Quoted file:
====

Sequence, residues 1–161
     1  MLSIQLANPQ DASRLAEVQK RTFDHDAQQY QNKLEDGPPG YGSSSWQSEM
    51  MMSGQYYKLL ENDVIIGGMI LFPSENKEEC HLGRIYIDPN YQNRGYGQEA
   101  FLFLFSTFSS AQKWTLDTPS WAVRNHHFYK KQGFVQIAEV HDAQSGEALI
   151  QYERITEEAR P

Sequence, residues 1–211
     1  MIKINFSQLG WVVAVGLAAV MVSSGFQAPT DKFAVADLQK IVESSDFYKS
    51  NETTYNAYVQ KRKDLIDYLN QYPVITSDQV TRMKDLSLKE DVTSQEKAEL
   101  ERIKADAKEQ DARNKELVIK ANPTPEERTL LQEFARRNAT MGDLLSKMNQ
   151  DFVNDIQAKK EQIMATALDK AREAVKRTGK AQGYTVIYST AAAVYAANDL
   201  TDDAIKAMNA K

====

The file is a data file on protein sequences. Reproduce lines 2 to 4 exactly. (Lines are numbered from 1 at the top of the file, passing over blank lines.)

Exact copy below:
     1  MLSIQLANPQ DASRLAEVQK RTFDHDAQQY QNKLEDGPPG YGSSSWQSEM
    51  MMSGQYYKLL ENDVIIGGMI LFPSENKEEC HLGRIYIDPN YQNRGYGQEA
   101  FLFLFSTFSS AQKWTLDTPS WAVRNHHFYK KQGFVQIAEV HDAQSGEALI